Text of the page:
nation whom bad shepherds would lead astray into an ideology of race.”



The Nazis were “diabolical,” he told friends privately. Hitler “is
completely obsessed,” he said to his long-time secretary, Sister Pascalina.
“All that is not of use to him, he destroys; . . . this man is capable of trampling
on corpses.” Meeting in 1935 with the heroic anti-Nazi Dietrich von Hildebrand,
he declared, “There can be no possible reconciliation” between Christianity
and Nazi racism; they were like “fire and water.”



The year after Pacelli became secretary of state in 1930, Vatican Radio was established,
essentially under his control. The Vatican newspaper L’Osservatore Romano had an
uneven record, though it would improve as Pacelli gradually took charge (extensively
reporting Kristallnacht in 1938, for example). But the radio station was always goodómaking
such controversial broadcasts as the request that listeners pray for the persecuted
Jews in Germany after the 1935 Nuremberg Legislation.



It was while Pacelli was his predecessor’s chief adviser that Pius XI made the famous
statement to a group of Belgian pilgrims in 1938 that “anti-Semitism is inadmissible;
spiritually we are all Semites.” And it was Pacelli who drafted Pius XI’s encyclical
Mit brennender Sorge, “With Burning Concern,” a condemnation of Germany
among the harshest ever issued by the Holy See. Indeed, throughout the 1930s, Pacelli
was widely lampooned in the Nazi press as Pius XI’s “Jew-loving” cardinal,
because of the more than fifty-five protests he sent the Germans as the Vatican secretary
of state.



To these must be added highlights of Pius XII’s actions during the war: His first
encyclical, Summi Pontificatus, rushed out in 1939 to beg for peace, was in part
a declaration that the proper role of the papacy was to plead to both warring sides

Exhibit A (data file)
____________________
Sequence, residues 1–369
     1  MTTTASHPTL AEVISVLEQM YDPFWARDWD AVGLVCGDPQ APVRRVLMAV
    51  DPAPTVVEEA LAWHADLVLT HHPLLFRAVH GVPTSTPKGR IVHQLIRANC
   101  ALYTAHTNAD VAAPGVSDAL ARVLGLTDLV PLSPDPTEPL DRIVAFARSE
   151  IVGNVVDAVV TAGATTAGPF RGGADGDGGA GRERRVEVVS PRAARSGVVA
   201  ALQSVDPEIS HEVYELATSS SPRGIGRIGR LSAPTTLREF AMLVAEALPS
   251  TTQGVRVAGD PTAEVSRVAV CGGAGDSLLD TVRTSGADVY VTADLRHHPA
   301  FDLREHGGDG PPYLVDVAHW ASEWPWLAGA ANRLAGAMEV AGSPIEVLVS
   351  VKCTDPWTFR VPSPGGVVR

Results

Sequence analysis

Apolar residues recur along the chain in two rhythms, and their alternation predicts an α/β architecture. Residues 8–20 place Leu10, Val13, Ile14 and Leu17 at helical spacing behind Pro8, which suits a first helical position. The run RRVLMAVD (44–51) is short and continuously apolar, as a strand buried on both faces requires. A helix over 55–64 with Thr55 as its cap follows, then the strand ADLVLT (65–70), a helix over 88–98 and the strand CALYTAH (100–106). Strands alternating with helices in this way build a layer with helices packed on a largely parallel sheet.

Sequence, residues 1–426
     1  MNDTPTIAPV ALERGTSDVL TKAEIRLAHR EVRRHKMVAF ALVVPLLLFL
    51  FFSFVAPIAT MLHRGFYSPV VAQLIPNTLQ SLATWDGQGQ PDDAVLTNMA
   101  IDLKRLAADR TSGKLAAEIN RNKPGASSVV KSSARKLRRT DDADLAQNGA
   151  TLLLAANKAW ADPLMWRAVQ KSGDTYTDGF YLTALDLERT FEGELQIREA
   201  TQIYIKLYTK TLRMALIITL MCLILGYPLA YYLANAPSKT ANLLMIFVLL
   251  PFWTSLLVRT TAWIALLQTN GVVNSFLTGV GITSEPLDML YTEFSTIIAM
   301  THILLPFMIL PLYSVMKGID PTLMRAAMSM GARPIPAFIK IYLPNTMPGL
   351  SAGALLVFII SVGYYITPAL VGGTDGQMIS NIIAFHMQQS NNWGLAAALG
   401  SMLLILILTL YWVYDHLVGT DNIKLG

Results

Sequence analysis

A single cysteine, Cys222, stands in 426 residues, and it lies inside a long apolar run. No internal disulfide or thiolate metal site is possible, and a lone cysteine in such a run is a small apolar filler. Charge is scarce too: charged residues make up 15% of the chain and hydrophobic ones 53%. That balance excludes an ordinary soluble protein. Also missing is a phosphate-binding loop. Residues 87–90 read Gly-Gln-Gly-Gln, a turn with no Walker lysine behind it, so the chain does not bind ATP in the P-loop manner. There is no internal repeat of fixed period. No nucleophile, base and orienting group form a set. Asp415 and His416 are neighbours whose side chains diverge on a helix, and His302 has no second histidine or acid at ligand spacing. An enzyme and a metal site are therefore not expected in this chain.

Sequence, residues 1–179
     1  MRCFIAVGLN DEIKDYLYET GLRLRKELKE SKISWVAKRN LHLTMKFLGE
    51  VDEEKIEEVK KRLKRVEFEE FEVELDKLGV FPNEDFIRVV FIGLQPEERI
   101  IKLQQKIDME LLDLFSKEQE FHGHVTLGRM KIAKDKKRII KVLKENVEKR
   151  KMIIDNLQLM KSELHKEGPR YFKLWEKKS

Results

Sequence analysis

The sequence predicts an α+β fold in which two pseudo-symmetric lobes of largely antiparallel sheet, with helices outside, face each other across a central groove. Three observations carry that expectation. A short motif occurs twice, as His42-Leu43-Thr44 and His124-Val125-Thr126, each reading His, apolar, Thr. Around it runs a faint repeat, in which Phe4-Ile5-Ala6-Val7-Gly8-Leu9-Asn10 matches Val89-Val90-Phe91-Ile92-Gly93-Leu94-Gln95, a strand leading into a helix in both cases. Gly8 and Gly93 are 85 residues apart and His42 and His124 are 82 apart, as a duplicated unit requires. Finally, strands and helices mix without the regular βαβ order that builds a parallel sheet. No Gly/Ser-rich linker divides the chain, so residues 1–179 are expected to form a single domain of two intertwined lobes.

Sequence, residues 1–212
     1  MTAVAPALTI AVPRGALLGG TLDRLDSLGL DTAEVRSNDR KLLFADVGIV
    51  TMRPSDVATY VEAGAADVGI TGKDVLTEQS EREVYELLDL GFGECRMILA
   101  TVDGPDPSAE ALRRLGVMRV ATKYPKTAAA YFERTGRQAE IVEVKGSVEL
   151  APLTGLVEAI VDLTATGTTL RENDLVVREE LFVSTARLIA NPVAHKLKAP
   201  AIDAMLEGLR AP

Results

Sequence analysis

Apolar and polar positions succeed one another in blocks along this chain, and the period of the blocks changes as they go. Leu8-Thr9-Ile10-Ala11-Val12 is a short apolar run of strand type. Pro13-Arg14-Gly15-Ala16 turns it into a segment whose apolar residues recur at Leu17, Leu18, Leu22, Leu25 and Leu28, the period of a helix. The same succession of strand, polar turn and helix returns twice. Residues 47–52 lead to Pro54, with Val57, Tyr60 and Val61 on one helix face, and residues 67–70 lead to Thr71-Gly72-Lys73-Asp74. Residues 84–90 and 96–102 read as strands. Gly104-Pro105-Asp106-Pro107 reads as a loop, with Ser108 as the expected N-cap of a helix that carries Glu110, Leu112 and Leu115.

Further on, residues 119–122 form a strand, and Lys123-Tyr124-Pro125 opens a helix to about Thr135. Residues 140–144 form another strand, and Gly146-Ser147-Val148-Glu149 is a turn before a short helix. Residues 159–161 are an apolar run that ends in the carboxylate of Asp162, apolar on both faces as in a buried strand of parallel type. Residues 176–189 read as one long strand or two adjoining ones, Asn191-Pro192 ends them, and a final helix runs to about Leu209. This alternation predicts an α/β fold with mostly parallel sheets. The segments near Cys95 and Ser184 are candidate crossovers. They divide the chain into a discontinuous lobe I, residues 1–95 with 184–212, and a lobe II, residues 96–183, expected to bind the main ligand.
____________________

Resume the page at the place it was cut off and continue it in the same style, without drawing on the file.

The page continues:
rather than to blame one. But it very pointedly quoted St. Pauló”there is neither
Gentile nor Jew”óusing the word “Jew” specifically in the context
of rejecting racial ideology. The New York Times greeted the encyclical with a front-page
headline on October 28, 1939: “Pope Condemns Dictators, Treaty Violators, Racism.”
Allied airplanes dropped thousands of copies on Germany in an effort to raise anti-Nazi
sentiment. In 1939 and 1940, Pius acted as a secret intermediary between the German
plotters against Hitler and the British. He would similarly risk warning the Allies
about the impending German invasions of Holland, Belgium, and France.



In March 1940, Pius granted an audience to Joachim von Ribbentrop, the German foreign
minister and the only high-ranking Nazi to bother visiting the Vatican. The Germans’
understanding of Pius’s position, at least, was clear: Ribbentrop chastised the pope
for siding with the Allies. Whereupon Pius began reading from a long list of German
atrocities. “In the burning words he spoke to Herr Ribbentrop,” the New
York Times reported on March 14, Pius “came to the defense of Jews in Germany
and Poland.”



When French bishops issued pastoral letters in 1942 attacking deportations, Pius
sent his nuncio to protest to the Vichy government against “the inhuman arrests
and deportations of Jews from the French-occupied zone to Silesia and parts of Russia.”